US forces in Afghanistan knew Kunduz site was hospital - report

The damaged hospital in which the Medecins Sans Frontieres (MSF) medical charity operated is seen on October 13, 2015 following an air strike in the northern city of Kunduz. © STR
New information suggests the US deliberately targeted the Kunduz hospital, killing 22 patients and staff, despite knowing it was a protected medical site.

US special operations analysts investigated the hospital for days prior to the deadly October 3 attack, describing the hospital as a base of operations for a Pakistani agent coordinating Taliban activities, AP has learned from a former intelligence official familiar with the documents.

The site, operated by Doctors Without Borders (Medecins Sans Frontieres, MSF), was attacked five times in the span of an hour by a C-130 gunship, despite repeated pleas by the MSF to US forces. MSF officials described repeated strafing runs against the main hospital building, which housed the emergency room and the intensive care unit. No surrounding buildings were hit, they say.

The new details suggest "that the hospital was intentionally targeted,” Meinie Nicolai of MSF told the AP by email. “This would amount to a premeditated massacre,” she added.

According to AP's source, intelligence reports suggested the hospital was being used as a Taliban command and control center and a repository for heavy weapons. MSF insists that no weapons were allowed in the hospital. While the US military has claimed that US and Afghan forces came under fire from the hospital, Afghan hospital employees told AP that no one had fired from the building

MSF staff "reported a calm night and that there were no armed combatants, nor active fighting in or from the compound prior to the airstrikes," Nicolai told AP.

The US military initially reported the air strike was conducted “in the vicinity” of the MSF medical facility, targeting the Taliban who were fighting US and Afghan forces, and that the strike “may have resulted in collateral damage “ to the hospital.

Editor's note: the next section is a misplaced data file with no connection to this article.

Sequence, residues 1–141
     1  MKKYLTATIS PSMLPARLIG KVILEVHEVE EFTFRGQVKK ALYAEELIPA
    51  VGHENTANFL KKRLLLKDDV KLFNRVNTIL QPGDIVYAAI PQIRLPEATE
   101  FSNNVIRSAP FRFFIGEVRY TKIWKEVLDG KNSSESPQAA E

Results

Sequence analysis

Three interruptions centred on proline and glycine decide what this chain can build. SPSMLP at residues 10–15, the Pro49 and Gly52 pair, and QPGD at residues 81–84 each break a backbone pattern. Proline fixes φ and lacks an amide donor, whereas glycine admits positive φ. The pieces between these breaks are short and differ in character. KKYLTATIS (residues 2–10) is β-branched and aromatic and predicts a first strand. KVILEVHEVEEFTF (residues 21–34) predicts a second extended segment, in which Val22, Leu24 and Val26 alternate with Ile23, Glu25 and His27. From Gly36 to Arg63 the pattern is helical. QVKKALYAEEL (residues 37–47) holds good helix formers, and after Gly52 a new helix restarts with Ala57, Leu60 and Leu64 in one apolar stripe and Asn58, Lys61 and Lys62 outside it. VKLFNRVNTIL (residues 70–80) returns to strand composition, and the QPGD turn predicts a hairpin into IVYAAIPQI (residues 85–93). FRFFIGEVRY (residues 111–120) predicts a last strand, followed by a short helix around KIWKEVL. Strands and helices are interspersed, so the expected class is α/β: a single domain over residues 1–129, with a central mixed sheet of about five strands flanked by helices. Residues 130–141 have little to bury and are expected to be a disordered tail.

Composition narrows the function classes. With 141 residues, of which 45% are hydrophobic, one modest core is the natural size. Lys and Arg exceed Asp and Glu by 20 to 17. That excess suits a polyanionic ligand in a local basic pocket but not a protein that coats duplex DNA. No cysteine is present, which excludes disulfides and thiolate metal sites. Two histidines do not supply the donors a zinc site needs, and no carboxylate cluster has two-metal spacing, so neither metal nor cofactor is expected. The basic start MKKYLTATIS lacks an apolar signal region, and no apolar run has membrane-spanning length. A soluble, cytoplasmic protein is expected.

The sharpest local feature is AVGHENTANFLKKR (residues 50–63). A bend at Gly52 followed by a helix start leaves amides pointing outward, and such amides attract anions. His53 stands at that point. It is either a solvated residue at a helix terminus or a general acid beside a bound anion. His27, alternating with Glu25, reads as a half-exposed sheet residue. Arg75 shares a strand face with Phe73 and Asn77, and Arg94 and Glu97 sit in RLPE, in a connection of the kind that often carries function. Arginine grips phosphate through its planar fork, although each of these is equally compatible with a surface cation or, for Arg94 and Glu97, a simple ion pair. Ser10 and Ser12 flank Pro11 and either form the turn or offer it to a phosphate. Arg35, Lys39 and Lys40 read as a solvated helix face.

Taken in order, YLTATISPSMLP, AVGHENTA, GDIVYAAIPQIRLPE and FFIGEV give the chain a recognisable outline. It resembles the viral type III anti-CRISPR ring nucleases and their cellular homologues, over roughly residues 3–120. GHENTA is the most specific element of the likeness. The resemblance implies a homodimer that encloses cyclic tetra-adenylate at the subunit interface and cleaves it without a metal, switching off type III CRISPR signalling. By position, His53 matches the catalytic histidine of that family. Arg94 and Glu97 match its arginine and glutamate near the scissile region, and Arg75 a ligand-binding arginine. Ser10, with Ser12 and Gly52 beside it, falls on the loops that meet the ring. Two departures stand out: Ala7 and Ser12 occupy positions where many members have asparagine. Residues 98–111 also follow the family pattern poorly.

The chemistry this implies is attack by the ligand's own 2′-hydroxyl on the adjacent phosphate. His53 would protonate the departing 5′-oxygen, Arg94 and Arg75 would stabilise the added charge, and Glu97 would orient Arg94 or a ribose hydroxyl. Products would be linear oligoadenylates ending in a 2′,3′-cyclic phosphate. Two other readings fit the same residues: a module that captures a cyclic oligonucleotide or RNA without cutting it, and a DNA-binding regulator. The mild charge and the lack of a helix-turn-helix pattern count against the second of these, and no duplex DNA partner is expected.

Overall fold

Two days later, General John F. Campbell, commander of the US forces in Afghanistan, said the Afghan forces had requested air support because “they were taking fire from enemy positions” and said that “several civilians were accidentally struck” in the air strike.

© Mohammad Ismail

Testifying before the Senate Armed Services Committee the following day, however, Campbell described the strike as a decision by US officers, adding there was a special operations unit in the area that was in contact with the gunship. “A hospital was mistakenly struck. We would never intentionally target a protected medical facility," he said.

READ MORE: Kunduz hospital bombed despite US knowing its exact location – Moscow 

US forces in Afghanistan have been authorized to make “condolence payments” to the victims' families and payments to MSF in order to repair the hospital, the Pentagon said on October 11. The US and Afghan governments have also launched internal investigations into the deadly attack. However, MSF insists on an independent investigation, and has described the hospital bombing as a war crime.
Pentagon officials declined to comment on the AP report.